BY MIKE MUTHAKA
I have a rug in my room. It’s a dusty old thing that makes me sneeze every time I walk in but it goes well with the color of my walls. It has shades of yellow and walnut, this dusty rug, and if you know where to look you will see a charred spot, a reminder of the time I was finding out what a cigarette could do.
It’s on this dusty rug that I do most of my writing.
In the months after we moved to the digs we’re living in now, I always thought my room looked empty. I mean, it had fancy wardrobes and some nice floor tiling but I still couldn’t shake the fact that the room still somehow felt naked.
That time, I had just got onto my writing path and I spent most of my time in bed, writing one story or the other, eager to finish and show it to someone who would go on to spur me on. It was flattering as hell, and, just to show how serious I was with this writing, I would search for newspaper articles on everything literature, slice them up with scissors and plaster them on the wall. At some point there were so many of these clippings that I ran out of wall. My room looked like something out of CSI.
Then one day, at the computer, as I pensively tugged at the little hairs on my chin, it dawned on me that I couldn’t write anything. I had a story in my head but that’s all it was, in my head. I was livid. I couldn’t understand what was going on, how I could be writing my heart out one day and then the next I’m painfully searching for words on the ceiling.
And I thought, If this is how tormenting writing can get, then count me out.
So what I did was, with surprising rage, I approached my wall of paper clippings and tore it down. It must have really looked like something out of a movie, I thought. Only, in the movies, they don’t show you the part where you have to clean the mess you’ve now made.
While I was carrying the crumpled pieces of paper to the bin I thought, So what now? For one thing I didn’t know what I was going to do with my life, without the writing, and also because my room had gone back to feeling like a hollow with nice floor tiling.
So after a while I started to think what I could to the room to make a bit homier. And I decided the best way to do it was to throw in more things.
First I got a book shelf that would double as a night stand. It has two small doors that open up to rows of books and their colorful spines and it smells like watered trees in there. Next, I got a lamp and put it atop the bookshelf. I got one with an orange shade and a silver neck and it was the lightest thing you ever carried. The lamp light would bounce off the pages of my books as I read at night, and the lamp’s close proximity to my pillow would surely save me the trouble of having to get up and go all the way to the door to find the light switch.
And then there was the TV. When my old folks got another one for their room, and after a bit of arguing with my sister over who should get the damn TV, I won on account that she had the bigger room and that she couldn’t even carry the damn thing. I took the TV to my room with a smirk on my face.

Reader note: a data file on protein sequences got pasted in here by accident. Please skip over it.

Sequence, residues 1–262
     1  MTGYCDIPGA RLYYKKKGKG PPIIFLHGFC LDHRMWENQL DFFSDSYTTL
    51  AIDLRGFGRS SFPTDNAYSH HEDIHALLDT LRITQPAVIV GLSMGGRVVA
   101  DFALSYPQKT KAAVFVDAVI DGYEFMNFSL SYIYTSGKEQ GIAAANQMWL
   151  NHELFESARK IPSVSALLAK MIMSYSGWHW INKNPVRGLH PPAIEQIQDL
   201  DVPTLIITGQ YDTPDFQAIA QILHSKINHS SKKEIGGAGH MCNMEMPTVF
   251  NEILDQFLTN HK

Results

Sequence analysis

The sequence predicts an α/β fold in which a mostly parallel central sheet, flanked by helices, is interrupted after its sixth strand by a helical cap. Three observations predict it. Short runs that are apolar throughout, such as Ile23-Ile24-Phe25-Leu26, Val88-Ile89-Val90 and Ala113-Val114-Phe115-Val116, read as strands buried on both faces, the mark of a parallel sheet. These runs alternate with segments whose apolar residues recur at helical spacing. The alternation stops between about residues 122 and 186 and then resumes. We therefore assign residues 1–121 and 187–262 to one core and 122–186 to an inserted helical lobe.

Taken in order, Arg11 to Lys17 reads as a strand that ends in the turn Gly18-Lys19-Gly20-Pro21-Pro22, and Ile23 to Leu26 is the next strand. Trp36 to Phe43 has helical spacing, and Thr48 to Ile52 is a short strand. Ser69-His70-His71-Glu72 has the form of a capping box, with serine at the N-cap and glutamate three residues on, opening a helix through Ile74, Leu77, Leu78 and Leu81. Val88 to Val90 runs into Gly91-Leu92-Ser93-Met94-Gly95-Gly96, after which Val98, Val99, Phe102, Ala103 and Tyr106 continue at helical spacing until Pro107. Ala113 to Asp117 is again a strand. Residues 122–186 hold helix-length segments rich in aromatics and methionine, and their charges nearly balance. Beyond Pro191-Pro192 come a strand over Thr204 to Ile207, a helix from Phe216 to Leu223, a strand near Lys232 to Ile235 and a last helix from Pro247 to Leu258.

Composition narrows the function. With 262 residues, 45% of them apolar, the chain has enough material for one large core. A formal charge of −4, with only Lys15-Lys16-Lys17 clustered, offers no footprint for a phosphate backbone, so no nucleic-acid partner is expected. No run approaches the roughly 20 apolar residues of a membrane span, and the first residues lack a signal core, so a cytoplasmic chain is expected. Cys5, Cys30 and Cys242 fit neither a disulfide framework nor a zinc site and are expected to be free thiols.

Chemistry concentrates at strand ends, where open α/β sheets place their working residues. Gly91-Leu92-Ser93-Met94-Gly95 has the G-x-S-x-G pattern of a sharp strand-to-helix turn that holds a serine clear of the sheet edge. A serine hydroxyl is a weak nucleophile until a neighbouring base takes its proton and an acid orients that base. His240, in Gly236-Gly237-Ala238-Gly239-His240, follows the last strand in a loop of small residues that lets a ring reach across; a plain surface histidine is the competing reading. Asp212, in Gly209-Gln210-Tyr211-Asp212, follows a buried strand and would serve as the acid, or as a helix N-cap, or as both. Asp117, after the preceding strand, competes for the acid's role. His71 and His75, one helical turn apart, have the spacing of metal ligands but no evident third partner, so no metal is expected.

It’s a bit heavy, and it has one of those big behinds that call to mind an era long gone. When you plug it in it lets out a loud sigh, like it really doesn’t feel like entertaining you. There was also a DVD player somewhere and I grabbed that as well.
The rug was the icing, the final touch to this little piece of heaven I was making. At the end of it all I felt mighty proud of myself. I was ready to curve up a career in interior decorating, to tell you the truth.
But, because I’m a lazy bum who never cleans his room, my Ol’Lady really didn’t want me having the rug. “It’s unhygienic!” she said. Wondering out aloud, she added, “Why would you go through all this trouble just to put yourself at the risk of a lung disease?” I said nothing. Before she gave up on telling me to get rid of it, I could have sworn that every time I stepped out of the room she would come in and taken the rug away back to the store so that when I brought it back in, I would sneeze my eyes out of their sockets.
I don’t blame her, though. She doesn’t see what I see in the rug. She doesn’t see that it takes away the problem of putting my feet on the cold hard floor in the morning, and that it now becomes less tasking to go down and do some push-ups. She doesn’t see that, for me at least, the rug takes away some of the untidiness of things strewn about on the floor. She doesn’t see that the color of my rug goes well with my lamp, and that it gives the room a warm cozy feel. Mostly, she doesn’t see how I can sit cross legged on the rug and write.
I don’t much like to write in bed these days because it makes me lazy. It becomes much easier to lie down with one hand down my crotch and think about nothing instead. The rug doesn’t support this habit because it has tight weaving, so when you sit on it there’s not much difference than when you’re on the floor. It still has the ability to numb your behind though, but you’ll be too busy sneezing to notice anything.31